The base will be pissed in June. But they’ll be eating it up by Nov. Or at least dutifully & cynically committed to stopping Hillary. Which is good enough for the insiders.

I hope the R’s plan as I’ve outlined it does not work. But I do think I’ve outlined what the insiders are thinking now. IMO they’re currently working feverishly to convince one another it will work.

Trump will win the nomination easily, long before the convention. After April 1, no more delegates are selected in caucuses, where Cruz has run best. All delegates will be selected in primaries. Kasich has won no primaries outisde of his home state, nor Cruz outside of his home state and neighboring Oklahoma.

Furthermore, most primaries will be winner-take-all at either the district or state level, enabling Trump to rack up enormous majorities. In New York, one of the few remaining states which is proportional, Trump is so far ahead that he can win most of the delegates even with a proportional format. California, which votes last, elects 167 delegates WTA by state and district, and Trump will probably win about 140 of them, even assuming Cruz and Kasich raise enough money to stay in the race that long.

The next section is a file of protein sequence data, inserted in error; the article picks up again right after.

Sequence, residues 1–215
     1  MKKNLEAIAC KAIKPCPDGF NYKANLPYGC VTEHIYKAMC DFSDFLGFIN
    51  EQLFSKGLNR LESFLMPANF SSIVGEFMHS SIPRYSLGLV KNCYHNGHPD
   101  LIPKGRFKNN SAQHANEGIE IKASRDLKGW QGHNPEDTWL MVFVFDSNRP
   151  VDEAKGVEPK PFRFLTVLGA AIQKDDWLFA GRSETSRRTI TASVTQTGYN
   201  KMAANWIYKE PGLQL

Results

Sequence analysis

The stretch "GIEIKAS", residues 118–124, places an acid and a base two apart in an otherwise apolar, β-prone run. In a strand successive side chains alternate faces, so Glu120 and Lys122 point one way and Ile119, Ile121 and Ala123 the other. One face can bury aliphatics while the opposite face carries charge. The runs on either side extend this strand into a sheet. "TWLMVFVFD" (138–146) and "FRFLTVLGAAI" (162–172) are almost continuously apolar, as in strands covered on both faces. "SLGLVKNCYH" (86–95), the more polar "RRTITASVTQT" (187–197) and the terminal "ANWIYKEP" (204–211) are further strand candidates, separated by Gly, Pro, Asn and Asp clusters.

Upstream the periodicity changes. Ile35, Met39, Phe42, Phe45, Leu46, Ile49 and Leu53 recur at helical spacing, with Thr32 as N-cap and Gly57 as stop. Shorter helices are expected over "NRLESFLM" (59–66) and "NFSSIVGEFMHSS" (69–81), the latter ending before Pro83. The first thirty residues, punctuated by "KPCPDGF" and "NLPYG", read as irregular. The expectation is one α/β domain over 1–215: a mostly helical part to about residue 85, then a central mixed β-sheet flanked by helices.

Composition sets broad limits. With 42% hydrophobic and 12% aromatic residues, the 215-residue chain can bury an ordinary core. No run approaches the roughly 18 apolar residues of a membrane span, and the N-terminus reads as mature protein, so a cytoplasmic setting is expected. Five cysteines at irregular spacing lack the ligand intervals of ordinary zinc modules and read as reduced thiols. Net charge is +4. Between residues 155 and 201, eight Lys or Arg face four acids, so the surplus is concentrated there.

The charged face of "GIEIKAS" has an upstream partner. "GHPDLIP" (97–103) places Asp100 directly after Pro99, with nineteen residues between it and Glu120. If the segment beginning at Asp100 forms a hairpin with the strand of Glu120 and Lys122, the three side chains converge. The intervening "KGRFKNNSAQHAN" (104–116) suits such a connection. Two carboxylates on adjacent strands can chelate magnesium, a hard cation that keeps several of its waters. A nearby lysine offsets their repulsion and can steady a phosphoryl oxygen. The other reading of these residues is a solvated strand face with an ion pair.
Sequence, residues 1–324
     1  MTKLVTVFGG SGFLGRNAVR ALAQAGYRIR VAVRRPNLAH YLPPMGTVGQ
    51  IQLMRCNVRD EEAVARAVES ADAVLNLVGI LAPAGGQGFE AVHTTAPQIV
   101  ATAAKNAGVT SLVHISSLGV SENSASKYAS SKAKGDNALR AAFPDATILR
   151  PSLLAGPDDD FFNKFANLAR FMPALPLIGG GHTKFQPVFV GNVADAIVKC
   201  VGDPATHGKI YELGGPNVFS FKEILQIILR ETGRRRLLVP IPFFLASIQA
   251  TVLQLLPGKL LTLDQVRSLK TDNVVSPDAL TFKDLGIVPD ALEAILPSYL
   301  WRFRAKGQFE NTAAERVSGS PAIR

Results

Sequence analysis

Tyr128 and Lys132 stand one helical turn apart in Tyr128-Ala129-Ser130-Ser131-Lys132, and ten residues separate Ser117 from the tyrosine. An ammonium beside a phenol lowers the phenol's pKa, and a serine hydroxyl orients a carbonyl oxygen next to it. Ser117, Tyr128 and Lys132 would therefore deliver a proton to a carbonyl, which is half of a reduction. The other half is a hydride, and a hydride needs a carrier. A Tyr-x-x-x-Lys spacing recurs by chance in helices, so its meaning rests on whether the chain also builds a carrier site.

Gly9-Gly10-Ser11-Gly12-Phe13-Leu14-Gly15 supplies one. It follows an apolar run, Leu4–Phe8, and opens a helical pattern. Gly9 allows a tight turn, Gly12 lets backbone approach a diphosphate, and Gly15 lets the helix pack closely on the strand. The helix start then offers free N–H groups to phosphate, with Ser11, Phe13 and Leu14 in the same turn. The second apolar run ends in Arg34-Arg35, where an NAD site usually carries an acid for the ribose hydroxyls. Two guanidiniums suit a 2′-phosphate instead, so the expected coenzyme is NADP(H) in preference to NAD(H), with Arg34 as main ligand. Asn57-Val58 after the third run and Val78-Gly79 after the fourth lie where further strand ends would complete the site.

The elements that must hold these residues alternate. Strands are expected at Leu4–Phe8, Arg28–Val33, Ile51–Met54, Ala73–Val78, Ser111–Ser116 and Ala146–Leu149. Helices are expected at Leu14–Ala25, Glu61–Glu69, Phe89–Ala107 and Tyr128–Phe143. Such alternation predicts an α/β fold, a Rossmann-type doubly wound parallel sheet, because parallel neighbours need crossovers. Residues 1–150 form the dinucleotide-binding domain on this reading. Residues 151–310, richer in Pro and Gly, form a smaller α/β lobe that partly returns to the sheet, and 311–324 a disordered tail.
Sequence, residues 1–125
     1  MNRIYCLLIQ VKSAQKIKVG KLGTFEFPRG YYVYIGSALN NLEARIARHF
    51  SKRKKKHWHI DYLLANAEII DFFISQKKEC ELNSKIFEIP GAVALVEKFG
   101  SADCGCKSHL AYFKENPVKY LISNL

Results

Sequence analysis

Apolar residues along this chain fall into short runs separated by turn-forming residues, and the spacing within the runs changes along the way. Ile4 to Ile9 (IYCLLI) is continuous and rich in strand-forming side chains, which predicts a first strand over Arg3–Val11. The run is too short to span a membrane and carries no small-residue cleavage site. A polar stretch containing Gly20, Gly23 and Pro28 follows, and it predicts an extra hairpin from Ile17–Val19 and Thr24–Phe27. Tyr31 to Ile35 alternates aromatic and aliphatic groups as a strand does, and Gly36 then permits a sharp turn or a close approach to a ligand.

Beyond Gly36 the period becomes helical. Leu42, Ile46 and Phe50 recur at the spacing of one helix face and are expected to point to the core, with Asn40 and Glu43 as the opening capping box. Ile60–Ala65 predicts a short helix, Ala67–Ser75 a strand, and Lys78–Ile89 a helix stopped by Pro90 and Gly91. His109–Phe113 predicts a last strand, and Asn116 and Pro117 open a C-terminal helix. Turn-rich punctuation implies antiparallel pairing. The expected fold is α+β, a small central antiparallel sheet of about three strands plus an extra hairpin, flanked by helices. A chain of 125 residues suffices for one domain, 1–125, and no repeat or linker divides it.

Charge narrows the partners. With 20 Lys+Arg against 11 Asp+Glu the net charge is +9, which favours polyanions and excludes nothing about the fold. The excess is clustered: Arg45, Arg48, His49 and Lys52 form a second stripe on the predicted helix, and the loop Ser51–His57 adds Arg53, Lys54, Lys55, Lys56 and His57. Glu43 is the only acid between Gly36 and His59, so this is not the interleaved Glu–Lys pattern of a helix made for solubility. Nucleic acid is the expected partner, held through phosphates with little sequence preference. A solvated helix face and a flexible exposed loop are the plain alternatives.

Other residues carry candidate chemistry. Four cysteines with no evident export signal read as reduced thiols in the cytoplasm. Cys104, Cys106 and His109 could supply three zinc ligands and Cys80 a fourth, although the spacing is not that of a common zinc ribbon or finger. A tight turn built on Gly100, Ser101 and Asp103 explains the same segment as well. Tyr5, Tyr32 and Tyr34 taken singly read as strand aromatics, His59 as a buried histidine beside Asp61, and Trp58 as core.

It’s over, folks. The 2016 GOP convention will be an infomercial celebrating the glories of Donald Trump.

Hahaha that would be the ultimate form of poetic justice, though it would probably mean that His Hairness would get the nomination anyway.

Nice handle, btw. Is this all your fault?

As a Democrat leaning independent who would like to see the GOP destroyed and then build back up again (and not see a GOP president until this happens), should I be rooting for a straight up Trump victory or a brokered convention? I’m thinking the latter would do more to foment the revolution, and probably result in a Democratic victory?